China's exports and imports surge

Posted February 12, 2017

BEIJING-China's exports rose strongly in January from a year earlier, in a possible sign of recovery in external demand for goods from the world's second-largest economy.

The strong figures come as the country tries to position itself as a leader of the global trade regime in anticipation of a U.S. retreat under a protectionist Trump administration.

China's exports in yuan-denominated terms rose 15.9 percent year on year to 1.26 trillion yuan (US$183 billion) last month, faster than the 0.6 percent gain in December. Imports increased 16.7 percent, leaving a trade surplus of $51.35 billion.

The preliminary figures mark a reversal of December's downward trend when the GAC reported that exports had fallen 6.1 per cent.

Manufacturing activity and fuel demand typically slows ahead of the Lunar New Year as production of raw materials eases. Exports had been forecast to grow 3.1% according to a median estimate of 11 economists polled by The Wall Street Journal. The U.S.is China's largest export market, accounting for 18.5 percent of its total exports.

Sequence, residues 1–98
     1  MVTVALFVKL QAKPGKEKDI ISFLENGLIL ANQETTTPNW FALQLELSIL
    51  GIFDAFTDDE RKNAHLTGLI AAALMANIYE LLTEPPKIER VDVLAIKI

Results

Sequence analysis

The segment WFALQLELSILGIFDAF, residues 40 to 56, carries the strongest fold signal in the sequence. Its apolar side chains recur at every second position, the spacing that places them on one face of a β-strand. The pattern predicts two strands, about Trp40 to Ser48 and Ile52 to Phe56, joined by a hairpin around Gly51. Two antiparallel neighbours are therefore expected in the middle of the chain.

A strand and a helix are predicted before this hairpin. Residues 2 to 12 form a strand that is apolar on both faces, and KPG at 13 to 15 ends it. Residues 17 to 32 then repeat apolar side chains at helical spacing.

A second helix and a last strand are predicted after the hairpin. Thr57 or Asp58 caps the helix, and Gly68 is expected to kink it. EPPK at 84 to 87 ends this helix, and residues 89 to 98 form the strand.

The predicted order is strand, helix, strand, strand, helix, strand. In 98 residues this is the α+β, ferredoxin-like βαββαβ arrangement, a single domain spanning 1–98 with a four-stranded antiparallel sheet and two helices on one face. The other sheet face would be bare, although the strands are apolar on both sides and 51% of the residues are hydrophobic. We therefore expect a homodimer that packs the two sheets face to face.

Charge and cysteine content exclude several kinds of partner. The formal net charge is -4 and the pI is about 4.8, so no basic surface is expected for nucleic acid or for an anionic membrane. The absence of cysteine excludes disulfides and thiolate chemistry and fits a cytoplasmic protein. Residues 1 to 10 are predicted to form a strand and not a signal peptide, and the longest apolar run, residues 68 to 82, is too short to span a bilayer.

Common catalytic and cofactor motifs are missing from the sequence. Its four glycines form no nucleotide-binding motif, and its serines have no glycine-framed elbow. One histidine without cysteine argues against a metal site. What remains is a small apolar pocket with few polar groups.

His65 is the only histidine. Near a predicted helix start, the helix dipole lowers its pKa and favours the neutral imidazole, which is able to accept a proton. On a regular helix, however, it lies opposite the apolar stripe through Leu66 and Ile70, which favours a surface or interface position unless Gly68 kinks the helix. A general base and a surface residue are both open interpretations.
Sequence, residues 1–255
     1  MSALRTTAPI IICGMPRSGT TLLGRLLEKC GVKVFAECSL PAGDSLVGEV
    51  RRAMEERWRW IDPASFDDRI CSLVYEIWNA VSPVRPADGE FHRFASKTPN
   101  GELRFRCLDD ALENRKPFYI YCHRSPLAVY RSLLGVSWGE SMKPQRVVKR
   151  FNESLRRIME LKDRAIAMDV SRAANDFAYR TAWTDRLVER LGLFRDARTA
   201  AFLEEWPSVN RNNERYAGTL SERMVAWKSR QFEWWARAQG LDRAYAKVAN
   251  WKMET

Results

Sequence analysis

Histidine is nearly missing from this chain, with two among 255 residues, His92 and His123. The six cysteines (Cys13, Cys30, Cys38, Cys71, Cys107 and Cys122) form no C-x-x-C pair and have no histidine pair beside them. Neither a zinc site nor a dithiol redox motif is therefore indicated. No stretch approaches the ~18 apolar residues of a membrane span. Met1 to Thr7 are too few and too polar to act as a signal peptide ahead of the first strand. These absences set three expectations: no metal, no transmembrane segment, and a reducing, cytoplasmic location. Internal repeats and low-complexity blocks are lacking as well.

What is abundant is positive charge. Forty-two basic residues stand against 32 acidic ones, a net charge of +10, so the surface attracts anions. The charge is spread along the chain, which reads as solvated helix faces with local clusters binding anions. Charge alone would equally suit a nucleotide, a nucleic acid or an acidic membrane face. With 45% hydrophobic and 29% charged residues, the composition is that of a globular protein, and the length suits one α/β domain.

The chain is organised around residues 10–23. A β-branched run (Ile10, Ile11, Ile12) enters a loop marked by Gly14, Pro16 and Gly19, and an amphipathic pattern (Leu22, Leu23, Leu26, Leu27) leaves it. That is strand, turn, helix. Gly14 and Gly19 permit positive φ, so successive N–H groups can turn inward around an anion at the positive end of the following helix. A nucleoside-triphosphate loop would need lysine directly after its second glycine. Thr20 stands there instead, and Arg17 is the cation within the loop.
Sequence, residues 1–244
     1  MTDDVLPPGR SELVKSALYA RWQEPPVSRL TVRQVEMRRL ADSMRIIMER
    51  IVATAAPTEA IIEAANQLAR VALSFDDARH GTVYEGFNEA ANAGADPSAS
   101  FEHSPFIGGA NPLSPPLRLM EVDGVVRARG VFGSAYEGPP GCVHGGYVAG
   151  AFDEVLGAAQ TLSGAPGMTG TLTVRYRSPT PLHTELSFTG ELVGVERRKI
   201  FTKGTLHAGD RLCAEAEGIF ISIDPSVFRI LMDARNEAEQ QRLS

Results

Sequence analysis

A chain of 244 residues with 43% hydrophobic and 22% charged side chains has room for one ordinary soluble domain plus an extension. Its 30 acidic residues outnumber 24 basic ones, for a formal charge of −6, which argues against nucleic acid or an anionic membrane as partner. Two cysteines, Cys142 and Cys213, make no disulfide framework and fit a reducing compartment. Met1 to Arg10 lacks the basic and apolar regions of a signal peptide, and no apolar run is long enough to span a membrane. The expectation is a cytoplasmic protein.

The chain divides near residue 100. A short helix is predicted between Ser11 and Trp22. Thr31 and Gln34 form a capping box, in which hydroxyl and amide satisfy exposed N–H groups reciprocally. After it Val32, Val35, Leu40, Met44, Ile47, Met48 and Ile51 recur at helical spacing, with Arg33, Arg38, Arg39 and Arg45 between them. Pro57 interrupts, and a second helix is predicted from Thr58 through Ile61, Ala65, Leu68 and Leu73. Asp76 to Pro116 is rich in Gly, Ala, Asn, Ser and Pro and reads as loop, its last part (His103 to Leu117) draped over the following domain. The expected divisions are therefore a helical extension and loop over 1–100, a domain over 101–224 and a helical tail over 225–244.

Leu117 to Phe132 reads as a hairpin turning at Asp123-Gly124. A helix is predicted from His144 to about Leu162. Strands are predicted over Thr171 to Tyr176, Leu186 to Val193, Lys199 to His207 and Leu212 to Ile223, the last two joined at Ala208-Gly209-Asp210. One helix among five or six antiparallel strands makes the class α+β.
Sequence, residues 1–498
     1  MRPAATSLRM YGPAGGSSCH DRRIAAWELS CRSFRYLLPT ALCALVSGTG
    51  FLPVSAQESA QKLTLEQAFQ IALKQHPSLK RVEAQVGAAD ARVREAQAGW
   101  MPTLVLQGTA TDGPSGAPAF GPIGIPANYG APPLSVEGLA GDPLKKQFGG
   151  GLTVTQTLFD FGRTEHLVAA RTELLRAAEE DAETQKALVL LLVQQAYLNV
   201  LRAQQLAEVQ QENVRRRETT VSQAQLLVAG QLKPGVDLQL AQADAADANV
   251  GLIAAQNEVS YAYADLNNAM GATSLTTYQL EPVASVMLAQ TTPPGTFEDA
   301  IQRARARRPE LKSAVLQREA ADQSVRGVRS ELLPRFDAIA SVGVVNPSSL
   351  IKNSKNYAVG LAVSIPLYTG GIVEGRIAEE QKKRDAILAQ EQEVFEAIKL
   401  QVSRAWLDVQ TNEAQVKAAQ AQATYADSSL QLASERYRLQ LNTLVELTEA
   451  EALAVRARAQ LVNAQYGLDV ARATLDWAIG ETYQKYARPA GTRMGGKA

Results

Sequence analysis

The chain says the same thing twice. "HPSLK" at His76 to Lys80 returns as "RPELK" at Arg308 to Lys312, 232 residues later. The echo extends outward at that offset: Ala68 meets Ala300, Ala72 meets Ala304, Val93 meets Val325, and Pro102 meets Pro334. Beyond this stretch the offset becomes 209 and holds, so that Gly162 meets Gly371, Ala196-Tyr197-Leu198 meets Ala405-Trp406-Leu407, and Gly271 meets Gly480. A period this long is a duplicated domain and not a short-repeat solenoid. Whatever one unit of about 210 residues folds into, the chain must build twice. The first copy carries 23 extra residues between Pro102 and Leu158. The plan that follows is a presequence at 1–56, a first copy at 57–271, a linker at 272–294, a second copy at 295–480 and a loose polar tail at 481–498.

Last year, Chinese imports decreased by 5.5 percent, while exports went down 7.7 percent.

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"The growing imports were also attributed to this year's Spring Festival, which arrived earlier than last year", said Xu Yang, an analyst at Sinolink Securities.

China's foreign trade figures were up in the first month of 2017, with total volume growing almost 20 percent since a year ago to US$482.2 billion.

The United States is close to slapping duties on imports of stainless steel from China after having issued a final determination this month that the products were being subsidized and dumped in the USA market at below fair value.

"We believe China's exports are benefiting from the depreciation of the RMB's real effective exchange rate [REER] over previous quarters".

China's crude imports are expected to soften in the first half of 2017, BMI research said.